Barbara gave a speech that students later described as electrifying and inspiring. She talked about the appalling conditions at their school and the inability of the PTA and others to secure better facilities. She said the students had the right to equal facilities, and it was clear that nothing would happen unless the students banded together and took action.

The NAACP supported the strike and the case went to the Supreme Court. Though things did not go as hoped, the strike helped outlaw segregation in the famous court decision (Brown vs Board of Educaiton) that declared segregation of schools unconstitutional.  

I found the quiet courage of Barbara Johns a real page-turner. To think that she had the fortitude to stage a nonviolent protest years before Rosa Park refused to give up her seat on the segregated bus is inspiring. What I also liked was the fact that after finishing high school, Barbara quietly faded from the public. She raised a family and, after acquiring a bachelor’s degree in library science in 1979, worked for twenty-four years as a school librarian. She passed away in 1991.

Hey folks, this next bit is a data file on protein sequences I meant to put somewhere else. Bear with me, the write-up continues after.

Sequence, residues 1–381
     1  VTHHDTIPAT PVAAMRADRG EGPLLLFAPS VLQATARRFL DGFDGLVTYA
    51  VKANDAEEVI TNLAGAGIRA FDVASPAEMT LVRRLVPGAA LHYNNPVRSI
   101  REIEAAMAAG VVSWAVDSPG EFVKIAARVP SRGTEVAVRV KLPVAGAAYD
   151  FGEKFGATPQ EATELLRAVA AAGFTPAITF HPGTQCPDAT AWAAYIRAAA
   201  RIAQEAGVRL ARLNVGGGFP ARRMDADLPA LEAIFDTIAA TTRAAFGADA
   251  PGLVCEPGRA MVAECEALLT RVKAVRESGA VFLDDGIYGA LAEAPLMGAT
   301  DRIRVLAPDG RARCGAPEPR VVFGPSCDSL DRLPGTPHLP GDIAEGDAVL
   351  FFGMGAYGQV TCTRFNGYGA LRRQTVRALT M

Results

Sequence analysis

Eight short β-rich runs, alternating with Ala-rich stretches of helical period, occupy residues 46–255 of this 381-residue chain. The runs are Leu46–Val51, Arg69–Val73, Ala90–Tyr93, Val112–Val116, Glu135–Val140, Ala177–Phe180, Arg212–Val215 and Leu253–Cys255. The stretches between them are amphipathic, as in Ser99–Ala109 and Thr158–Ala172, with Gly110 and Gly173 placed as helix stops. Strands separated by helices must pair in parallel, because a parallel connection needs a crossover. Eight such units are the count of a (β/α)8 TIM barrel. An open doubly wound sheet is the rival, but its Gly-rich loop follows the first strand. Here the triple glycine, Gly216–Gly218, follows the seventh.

The Girl from the Tar Paper School is an excellent addition to the wealth of titles about The Civil Rights Movement. I recommend this book for all libraries and be sure to include it in displays for Black History Month, courageous women, and especially about people who did make a difference.

 Visit the author's blog to learn more about Barbara Johns. 

Wednesday, March 5, 2014

Kidlit Celebrates Women's History

The Kidlit Celebrates Women's History Month blog is back again this year with many wonderful guest bloggers and reviews of books featuring women who made a difference. Be sure to check out today's post written by Louise and Mary Ann Scheuer from the Great Kid Books blog.

Mary Ann and Louise have written a joint review of Clara and Davie by Patricia Polacco, and they include many excellent books and resources on Clara Barton.

Monday, March 3, 2014

Feathers: Not Just for Flying

Feathers: Not Just for Flying 
by Melissa Stewart